Debbie’s background is in physiological and epidemiological (cancer) research, becoming interested in psychology later in her career after observing the different learning approaches of her three children. Subsequently she completed a postgraduate conversion course in Psychological Studies at UCLan and received a scholarship to complete her PhD in educational research. Debbie became a Lecturer and Senior Lecturer at UCLan and Programme Leader for Psychology at Edge Hill University, before returning to UCLan in 2013. Debbie believes her previous experiences have always enhanced her approach to teaching and learning and she has always been involved in supporting inclusivity, working as a Disability Needs Assessor for students in HE alongside her academic duties.
Debbie has returned to full time academia to teach the cognitive, physiological and statistical components of the undergraduate course at UCLan Burnley. As part of a small team at Burnley, Debbie is able to use her experience to support the provision of the Burnley undergraduate psychology courses, helping to enhance the interactive ‘smaller classroom’ approach for students.
Upon completing her degree in Microbiology at the University of Leeds, Debbie worked for Glaxo Group Research (now GSK), Greenford Middlesex, in the Clinical Data Monitoring Unit, which was responsible for the analysis and production of international regulatory reports in relation to the ongoing clinical trials of Glaxo pharma products.
Debbie continued her interest in scientific research, moving to the Cancer Epidemiology Research Unit at the University of Birmingham, as a research associate. For eight years, she was involved in the design, running, analysis and writing up of data from large epidemiological community studies across the UK and gaining an MSc in Social Medicine in 1992.
Debbie took a career break in the mid- to late 1990’s, running her own business (fundraising in the voluntary sector) and raising her family (three children). It was at this time that she began to help on a voluntary basis in her children’s primary school classrooms and, through her observations, became interested in learning and education.
After gaining a postgraduate diploma in psychological studies in 2001 from UCLan, Debbie was awarded a PhD scholarship which she completed in 2004, with a thesis entitled ‘Evaluation of the Cerebellar Deficit Hypothesis of Developmental Dyslexia’. She became a lecturer and senior lecturer in Psychology at UCLan, moving to Edge Hill University (EHU) in 2009 as the programme lead for Psychology. Debbie was instrumental in the development of a new Department of Psychology at EHU and the revalidation and the accreditation of new psychology courses, raising the profile of psychology at EHU within the HE sector.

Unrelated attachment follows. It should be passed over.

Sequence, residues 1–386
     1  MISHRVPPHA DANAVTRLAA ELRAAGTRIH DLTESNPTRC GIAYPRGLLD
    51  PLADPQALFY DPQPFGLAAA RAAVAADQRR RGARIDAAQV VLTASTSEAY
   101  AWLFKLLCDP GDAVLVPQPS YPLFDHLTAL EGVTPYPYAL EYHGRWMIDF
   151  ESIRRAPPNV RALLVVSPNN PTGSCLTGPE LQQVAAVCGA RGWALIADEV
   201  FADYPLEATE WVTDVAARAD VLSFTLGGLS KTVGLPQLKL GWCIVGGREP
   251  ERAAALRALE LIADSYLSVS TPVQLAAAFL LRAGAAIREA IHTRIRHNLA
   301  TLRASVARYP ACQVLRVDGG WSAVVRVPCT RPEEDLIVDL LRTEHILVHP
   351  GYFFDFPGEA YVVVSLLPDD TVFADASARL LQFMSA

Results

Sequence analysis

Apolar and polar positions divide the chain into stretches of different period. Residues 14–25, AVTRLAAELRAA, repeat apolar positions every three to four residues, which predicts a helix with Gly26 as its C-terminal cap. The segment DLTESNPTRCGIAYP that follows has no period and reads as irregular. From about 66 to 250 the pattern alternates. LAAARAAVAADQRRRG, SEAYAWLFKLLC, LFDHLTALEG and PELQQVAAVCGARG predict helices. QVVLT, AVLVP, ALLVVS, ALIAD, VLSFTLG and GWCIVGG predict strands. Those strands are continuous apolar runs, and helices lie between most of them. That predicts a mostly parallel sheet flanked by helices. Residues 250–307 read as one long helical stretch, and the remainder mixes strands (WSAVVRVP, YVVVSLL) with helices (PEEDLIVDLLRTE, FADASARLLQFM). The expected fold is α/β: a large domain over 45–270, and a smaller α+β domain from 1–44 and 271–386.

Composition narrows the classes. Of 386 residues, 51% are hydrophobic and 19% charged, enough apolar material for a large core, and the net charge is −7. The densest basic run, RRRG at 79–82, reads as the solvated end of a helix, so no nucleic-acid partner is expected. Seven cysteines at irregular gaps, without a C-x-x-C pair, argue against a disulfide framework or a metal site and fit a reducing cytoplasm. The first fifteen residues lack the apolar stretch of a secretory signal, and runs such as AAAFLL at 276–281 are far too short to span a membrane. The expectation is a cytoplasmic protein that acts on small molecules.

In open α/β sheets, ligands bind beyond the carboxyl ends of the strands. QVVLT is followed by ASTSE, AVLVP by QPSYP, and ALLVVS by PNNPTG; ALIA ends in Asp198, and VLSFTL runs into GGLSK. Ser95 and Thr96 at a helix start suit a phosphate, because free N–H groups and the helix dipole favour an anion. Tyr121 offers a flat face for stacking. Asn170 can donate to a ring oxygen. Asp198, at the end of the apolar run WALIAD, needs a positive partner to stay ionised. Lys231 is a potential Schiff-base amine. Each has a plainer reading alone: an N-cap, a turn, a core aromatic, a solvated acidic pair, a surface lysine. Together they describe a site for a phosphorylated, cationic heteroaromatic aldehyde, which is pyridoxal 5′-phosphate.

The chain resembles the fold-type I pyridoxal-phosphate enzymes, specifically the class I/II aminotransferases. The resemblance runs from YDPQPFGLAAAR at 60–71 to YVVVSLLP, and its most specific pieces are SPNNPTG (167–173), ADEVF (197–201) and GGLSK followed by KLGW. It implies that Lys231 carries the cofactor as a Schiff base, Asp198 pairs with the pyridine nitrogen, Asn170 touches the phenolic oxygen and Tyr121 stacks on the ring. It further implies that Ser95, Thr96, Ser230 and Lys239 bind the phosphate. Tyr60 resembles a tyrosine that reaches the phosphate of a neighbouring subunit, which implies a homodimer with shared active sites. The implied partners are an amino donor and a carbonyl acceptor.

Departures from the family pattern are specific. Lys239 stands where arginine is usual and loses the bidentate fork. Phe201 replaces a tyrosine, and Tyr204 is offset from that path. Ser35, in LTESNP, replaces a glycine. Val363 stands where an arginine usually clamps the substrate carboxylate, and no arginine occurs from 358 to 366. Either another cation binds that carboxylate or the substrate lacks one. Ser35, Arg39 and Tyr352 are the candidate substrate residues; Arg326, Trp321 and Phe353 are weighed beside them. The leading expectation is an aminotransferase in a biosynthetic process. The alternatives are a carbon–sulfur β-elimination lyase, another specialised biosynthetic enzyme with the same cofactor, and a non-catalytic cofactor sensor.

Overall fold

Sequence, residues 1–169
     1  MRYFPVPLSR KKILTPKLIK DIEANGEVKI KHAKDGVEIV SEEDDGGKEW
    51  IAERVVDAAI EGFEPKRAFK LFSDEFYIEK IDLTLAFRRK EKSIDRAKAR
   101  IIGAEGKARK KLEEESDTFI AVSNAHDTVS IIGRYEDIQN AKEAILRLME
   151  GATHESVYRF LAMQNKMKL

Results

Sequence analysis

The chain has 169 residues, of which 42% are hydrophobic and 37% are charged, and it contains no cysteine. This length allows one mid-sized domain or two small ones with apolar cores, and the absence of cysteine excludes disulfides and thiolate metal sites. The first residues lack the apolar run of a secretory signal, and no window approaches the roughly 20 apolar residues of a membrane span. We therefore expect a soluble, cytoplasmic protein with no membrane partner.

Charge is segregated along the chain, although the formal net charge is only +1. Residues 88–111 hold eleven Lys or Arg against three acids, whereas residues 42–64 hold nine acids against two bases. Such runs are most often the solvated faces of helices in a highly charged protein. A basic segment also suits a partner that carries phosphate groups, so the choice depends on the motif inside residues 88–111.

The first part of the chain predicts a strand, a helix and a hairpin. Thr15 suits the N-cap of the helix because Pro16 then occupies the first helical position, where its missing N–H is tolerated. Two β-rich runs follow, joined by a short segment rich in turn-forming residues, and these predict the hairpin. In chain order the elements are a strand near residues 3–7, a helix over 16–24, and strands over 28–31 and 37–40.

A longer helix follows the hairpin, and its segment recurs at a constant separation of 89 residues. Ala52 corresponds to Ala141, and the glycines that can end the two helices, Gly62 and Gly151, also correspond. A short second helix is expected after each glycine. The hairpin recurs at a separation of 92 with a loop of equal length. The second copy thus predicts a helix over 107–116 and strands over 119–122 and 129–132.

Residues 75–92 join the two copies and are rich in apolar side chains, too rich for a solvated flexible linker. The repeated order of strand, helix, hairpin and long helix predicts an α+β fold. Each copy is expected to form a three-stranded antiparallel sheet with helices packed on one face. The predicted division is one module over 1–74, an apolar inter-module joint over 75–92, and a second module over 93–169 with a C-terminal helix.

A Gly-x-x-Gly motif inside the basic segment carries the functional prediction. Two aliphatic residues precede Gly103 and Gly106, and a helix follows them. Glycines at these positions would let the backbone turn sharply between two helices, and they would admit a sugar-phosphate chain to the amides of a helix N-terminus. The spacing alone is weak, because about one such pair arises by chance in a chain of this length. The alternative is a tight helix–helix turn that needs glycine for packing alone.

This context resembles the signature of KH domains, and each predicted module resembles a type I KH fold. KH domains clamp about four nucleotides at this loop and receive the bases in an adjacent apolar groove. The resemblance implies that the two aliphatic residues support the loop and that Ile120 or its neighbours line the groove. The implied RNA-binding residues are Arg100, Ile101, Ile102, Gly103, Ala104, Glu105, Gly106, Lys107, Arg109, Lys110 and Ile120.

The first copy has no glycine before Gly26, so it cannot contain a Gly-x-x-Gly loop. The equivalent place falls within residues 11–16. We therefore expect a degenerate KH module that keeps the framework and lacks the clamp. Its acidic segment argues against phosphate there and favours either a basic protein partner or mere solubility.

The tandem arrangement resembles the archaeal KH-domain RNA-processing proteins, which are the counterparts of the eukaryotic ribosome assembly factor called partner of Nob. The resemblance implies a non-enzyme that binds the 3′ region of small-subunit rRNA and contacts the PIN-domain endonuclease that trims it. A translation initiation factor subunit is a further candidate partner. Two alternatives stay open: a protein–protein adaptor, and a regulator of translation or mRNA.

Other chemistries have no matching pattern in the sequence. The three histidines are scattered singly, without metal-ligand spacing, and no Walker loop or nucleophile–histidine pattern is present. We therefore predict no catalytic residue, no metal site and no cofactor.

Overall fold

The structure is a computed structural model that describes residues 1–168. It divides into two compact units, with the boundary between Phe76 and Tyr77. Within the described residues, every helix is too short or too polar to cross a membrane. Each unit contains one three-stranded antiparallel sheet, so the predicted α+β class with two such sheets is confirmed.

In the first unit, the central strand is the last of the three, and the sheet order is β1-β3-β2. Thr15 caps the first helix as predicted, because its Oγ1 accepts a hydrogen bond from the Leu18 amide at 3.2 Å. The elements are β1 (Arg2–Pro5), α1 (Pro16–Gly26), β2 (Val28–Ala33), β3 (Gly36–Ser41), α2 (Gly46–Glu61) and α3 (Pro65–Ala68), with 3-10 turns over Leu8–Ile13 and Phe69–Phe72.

Debbie moved back to UCLan on a contractual (module by module) basis in 2013, and also worked as a Disability Needs Assessor for HE.
In 2019, Debbie returned to full time academia as a lecturer in psychology to teach the cognitive, physiological and statistical components of the undergraduate course at UCLan Burnley. As part of the small team at Burnley, Debbie is able to use her experience to support the provision of the Burnley undergraduate psychology courses, helping to enhance the interactive ‘smaller classroom’ approach for students. She is also able to support colleagues both in Burnley and Preston with her skills and experience.
Throughout her career, Debbie has been involved in research, within an eclectic mix of topic areas. She has published over 20 research articles in journals ranging from 'The Lancet' and 'British Journal of Cancer' to the psychology journals 'Learning and Individual Differences' and 'Educational Psychology in Practice'. She continues to support and advise colleagues at UCLan and other HE institutions with a range of research activities.
- PhD Psychology, UCLan, 2004
- PGDip Psychological Studies, UCLan, 2001
- MSc Social Medicine, University of Birmingham, 1992
- BSc (Hons) Microbiology, University of Leeds, 1984
- Emotional Intelligence
- Teaching and Learning in HE
- Inclusivity in HE